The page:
Even if they can lodge a complaint with BIPT, residents say they feel helpless when faced with the cables piling up on their facades, especially considering that lack of municipal power. Some have turned to the Brussels region, instead.

“We have instructed the regional administration to investigate DIGI's practices in various municipalities and to ascertain whether there have been any breaches of the legislation in force,” said Ans Persoons, the region’s secretary of state for urban planning and heritage.

“As a reminder, an application for planning permission is required for all listed facades. We will then issue penalty notices in the event of any infringement and request that the building be restored to its original state.”

The protest initiative is accompanied by a letter that will be sent to the various telecom operators reminding them of their legal obligations and the importance of informing property owners of their rights.

But Jeroen Degadt, director of DIGI Belgium, doubled down on the installation of new cables when asked about the discontent of residents whose facades are forced to accommodate an additional fibre.

“The only way to reduce our costs and offer very affordable prices to the Belgian public is to install our own fibre network,” Degadt said.

“We understand that building such a network creates a nuisance, but we're prepared to discuss it. We explain what we're doing to people who ask us questions and when they find out the level of our charges, we think residents will ultimately be very pleased that we've installed fibre in their street. We think that residents' current frustration will quickly turn to optimism because they will be the first to be able to benefit from DIGI's services.”

When asked why DIGI does not share Proximus's fibre, which is already present on many of its facades, Degadt did not completely rule out a collaboration – but only for areas outside of Brussels.

“I repeat that to achieve our ambition of offering very affordable rates, we have to control the entire network and therefore have our own installations,” Degadt said.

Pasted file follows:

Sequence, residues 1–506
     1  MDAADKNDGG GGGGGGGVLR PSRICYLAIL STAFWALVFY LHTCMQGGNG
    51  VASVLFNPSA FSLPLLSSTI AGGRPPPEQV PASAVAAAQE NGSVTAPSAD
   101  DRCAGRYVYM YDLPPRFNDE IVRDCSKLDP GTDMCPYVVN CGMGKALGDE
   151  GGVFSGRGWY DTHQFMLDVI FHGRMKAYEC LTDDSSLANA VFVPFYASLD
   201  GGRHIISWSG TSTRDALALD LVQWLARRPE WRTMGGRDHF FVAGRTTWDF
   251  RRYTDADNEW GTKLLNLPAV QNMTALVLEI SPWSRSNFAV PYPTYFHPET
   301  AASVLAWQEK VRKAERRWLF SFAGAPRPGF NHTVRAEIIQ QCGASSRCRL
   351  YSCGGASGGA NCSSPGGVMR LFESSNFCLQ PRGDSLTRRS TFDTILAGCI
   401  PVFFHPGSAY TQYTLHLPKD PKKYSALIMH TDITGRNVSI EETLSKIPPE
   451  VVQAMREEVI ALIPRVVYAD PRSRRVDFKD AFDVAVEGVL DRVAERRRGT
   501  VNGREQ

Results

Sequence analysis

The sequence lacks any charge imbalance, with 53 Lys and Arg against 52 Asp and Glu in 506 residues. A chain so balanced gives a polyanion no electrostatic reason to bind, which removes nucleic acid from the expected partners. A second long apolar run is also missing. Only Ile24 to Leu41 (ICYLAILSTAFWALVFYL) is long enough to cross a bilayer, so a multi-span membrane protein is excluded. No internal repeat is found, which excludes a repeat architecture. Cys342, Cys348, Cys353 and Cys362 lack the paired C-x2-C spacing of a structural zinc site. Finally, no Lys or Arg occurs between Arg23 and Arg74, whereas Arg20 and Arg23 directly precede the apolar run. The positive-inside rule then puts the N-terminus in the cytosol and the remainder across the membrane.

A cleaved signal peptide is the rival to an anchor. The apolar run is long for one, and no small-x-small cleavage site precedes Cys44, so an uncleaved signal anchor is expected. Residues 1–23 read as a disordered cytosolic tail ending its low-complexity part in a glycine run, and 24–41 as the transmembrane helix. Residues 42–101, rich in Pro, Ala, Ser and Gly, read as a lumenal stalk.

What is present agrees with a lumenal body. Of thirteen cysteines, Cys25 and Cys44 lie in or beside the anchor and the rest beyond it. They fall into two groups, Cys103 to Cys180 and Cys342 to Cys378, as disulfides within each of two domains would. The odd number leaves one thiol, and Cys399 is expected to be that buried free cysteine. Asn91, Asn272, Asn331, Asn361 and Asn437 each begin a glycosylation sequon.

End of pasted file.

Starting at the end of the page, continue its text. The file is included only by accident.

“Now, there are places in Belgium where collaboration between operators makes more sense than elsewhere, and we are in favour of such collaboration to reduce nuisances.”

In other words, DIGI would only consider collaboration in moderately populated areas where it would not be cost-effective to install its own network.

“We can neither prohibit an operator from creating its own network nor force it to share another’s – it’s not legally possible,” said Belgium’s telecoms minister Petra De Sutter.

“What I hope is that there will be collaboration between operators in the installation of fibre. We had an excellent fixed network, which was good, but the downside was that it slowed down the development of fibre. We find ourselves at the back of the European pack and I hope that the arrival of DIGI will boost investment because too many Belgians are still deprived of access to the network.”

The minister drew a comparison with 5G for mobile devices.

“I hope for collaboration between operators to install fibre, just as we hope for 5G,” De Sutter said.

“In this case, it will no longer be a question of cables on facades but of poles, masts or towers. I hope that operators will share their infrastructures, and it is sometimes in their interest to do so because the investments are enormous. So the more they work together, the better it is for the environment and people's comfort, because that will reduce nuisance.”

De Sutter explained that Belgium is divided into three zones: Zone A, which includes the major urban centres where there are many potential customers, opportunities for profitability and competition; Zone B, medium-sized towns where profitability is lower, meaning operators have an interest in collaborating and sharing their network and investment costs; and Zone C, which includes rural areas.

“In Zone C, no operator is really interested in installing a network, so it's the public sector that has to invest or grant subsidies to ensure that everyone has access to the network,” De Sutter said.

“In any case, there are rules that operators have to respect, and enforcing them is the job of BIPT.”

Photo: Juan Godbille/Belga

Written by Helen Lyons